Despite the relatively positive sales numbers, sales of plug-in electric vehicles remain a tiny percentage of the overall auto market
. While the total U.S. auto sales numbers topped 15 million, less than 100,000 electric vehicles were sold last year. The other disappointing news for electric cars: even if those sales numbers grow at such a rate that
EV drivers represent a significant share of U.S. drivers
, it wouldn't do much to impact one of the problems it aims to solve, air pollution.
That's according to new research
from Joseph DeCarolis of North Carolina State University. In a paper, published this month in Environmental Science & Technology,
DeCarolis said that his team ran more than 100 scenarios through an energy systems model to gauge the impact of electric drive passenger vehicles on air pollution in the United States. The findings: there's not much of an impact.
One particularly poignant example: Even if 42 percent of passenger vehicles in the United States were electric, there would be "little or no reduction in the emission of key air pollutants," like carbon dioxide, sulfur dioxide, and nitrogen oxide.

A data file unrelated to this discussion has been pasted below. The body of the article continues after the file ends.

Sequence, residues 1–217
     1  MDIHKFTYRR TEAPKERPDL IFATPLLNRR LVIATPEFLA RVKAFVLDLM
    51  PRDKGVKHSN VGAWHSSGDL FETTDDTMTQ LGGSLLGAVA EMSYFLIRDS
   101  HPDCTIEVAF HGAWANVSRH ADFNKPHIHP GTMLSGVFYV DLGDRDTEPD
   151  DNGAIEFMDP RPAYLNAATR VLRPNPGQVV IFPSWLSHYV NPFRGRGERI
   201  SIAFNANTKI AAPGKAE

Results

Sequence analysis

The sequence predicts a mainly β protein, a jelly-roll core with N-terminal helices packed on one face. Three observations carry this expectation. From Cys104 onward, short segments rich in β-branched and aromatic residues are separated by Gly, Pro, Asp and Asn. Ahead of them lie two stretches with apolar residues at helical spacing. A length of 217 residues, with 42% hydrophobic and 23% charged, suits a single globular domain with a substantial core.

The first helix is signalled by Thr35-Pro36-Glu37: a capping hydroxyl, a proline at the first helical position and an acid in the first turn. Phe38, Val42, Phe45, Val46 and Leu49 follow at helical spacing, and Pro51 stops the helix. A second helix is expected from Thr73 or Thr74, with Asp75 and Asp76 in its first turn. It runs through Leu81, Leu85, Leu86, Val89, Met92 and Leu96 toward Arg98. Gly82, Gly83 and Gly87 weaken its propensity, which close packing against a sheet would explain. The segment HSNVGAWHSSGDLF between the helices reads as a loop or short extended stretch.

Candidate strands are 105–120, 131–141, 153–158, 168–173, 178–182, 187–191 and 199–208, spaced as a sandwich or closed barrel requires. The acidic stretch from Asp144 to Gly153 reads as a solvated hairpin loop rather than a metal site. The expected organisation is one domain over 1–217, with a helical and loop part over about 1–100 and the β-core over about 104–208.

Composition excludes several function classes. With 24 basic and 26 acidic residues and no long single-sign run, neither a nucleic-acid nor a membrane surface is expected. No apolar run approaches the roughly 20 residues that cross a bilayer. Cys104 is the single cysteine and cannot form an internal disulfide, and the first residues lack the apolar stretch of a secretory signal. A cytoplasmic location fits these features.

As DeCarolis explains
in a press release:
There are a number of reasons for this. In part, it's because some of the benefits of EDVs are wiped out by higher emissions from power plants. Another factor is that passenger vehicles make up a relatively small share of total emissions, limiting the potential impact of EDVs in the first place. For example, passenger vehicles make up only 20 percent of carbon dioxide emissions.
That doesn't mean that electric vehicles don't have an important role to play in reducing pollution. Electric cars could, for example, be
one of the many ways
China will attempt to fight extreme smog in its cities. As we've also seen from China, even if pollution is highly concentrated in one place it can still have
impacts thousands of miles away
. Air pollution isn't bound to the places it's expelled. So if electric cars are used as a local solution to fight smog it will just push the problem to another place if the electricity grid isn't clean.
But electric cars aren't a silver bullet for broader climate problems either.
A better solution, according to DeCarolis, is to "set emissions reductions goals, rather than promoting specific vehicle technologies with the idea that they’ll solve the problem on their own," like the emissions targets the European Union has been hashing out this week
Clean cars could play a small role in those emissions reductions, but it seems like it would need come from auto innovations like
this solar car
to make much of a difference.
This post was originally published on Smartplanet.com